All of which might just as easily be dismissed as groundless and irresponsible speculation, except in politics perceptions are often as important as realities. And the fear of losing what limited black control there is in this city, a subject seldom raised publicly, is a constant backdrop to this year's elections.
In the view of those who fear such a loss, the omens seem obvious:
There is bitter infighting among the city's elected blacks, fighting so intense that for some it has shattered the dream of black unity in local politics.
The news media are seen as having trained much of their post-Watergate attention on the public and private affairs of black officials. The media are seen as making front-page scandals of what were [WORDS ILLEGIBLE]long time, the contention is, whites helped put friends and relatives on the city payroll, for example. But only when a flamboyant black man, former D.C. Department of Human Resources director Joseph P. Yeldell, was accused of nepotism and cronyism (never substantiated), was there a string of front-page articles, they say. And, the critics add, white department heads in city government receive more favorable coverage than their black counterparts.
The media response is that this city government is treated no differently than other local governments, that it is now an elected government accountable to its citizens and that the press by definition occupies a public watchdog role. Media representatives add that the Board of Trade is not the editor-general of the Washington media and there are no crusading journalistic hit squads out to pick off black leaders.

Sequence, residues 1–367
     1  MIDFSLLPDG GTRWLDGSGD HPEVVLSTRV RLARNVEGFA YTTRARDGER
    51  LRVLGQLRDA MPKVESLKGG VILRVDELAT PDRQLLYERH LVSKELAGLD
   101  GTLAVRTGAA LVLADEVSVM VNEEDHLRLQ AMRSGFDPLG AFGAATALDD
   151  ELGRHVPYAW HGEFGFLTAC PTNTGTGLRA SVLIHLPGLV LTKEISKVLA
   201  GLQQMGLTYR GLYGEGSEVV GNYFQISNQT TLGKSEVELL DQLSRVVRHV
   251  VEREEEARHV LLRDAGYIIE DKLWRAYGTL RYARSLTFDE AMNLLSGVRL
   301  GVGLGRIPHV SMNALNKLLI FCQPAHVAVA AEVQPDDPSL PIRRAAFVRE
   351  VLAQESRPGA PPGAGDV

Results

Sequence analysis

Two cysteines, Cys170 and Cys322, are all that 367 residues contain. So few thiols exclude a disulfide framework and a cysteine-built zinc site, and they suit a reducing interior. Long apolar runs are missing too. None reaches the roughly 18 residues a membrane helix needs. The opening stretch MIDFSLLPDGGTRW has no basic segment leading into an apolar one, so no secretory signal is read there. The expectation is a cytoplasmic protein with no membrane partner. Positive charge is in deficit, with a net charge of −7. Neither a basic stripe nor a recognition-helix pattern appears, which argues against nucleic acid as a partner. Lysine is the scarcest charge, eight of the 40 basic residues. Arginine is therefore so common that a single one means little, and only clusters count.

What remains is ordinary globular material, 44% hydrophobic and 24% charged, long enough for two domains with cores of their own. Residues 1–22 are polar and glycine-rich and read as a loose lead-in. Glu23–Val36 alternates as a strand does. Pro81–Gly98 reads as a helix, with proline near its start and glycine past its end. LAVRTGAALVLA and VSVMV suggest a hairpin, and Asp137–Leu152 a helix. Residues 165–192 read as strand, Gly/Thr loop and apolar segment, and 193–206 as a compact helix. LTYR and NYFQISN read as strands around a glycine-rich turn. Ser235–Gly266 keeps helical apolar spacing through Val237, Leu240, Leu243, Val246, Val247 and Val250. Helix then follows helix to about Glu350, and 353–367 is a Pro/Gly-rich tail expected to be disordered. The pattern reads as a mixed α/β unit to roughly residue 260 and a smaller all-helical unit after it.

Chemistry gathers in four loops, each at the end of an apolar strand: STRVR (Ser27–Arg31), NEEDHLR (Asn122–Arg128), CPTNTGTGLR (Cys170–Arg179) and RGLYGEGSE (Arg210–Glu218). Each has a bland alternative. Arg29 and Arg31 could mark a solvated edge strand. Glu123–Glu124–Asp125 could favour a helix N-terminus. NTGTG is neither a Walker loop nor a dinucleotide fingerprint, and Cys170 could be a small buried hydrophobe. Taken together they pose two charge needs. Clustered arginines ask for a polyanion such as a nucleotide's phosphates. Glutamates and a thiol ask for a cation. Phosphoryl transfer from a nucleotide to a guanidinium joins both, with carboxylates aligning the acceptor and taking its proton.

Another factor seen as inviting the election of a white mayor in the future is the inability of the city's black political leadership to agree to field a single candidate. Such black unity has been a long-hoped-for political goal in the wake of the civil rights movement. In 1952, when Bishop Shellwood E. Williams of Bible Way Church marched 400 of his supporters into a city firehouse to vote on behalf of averell Harriman's presidential candidacy, an editorial in The Washington Post took Williams to task.
"Bloc voting is repugnant to the democratic process," the editorial reads. "It will backfire on those who promoted it within the District, for it will surely be used by opponents of home rule as proof that District Negroes would vote as a racial group in future elections and not as individual Americans."
When the home rule government took office in 1975, there was a semblance of unity, but it disappeared with the first significant divisive issue -- Mayor Washington's proposal to increase the gross receipts tax.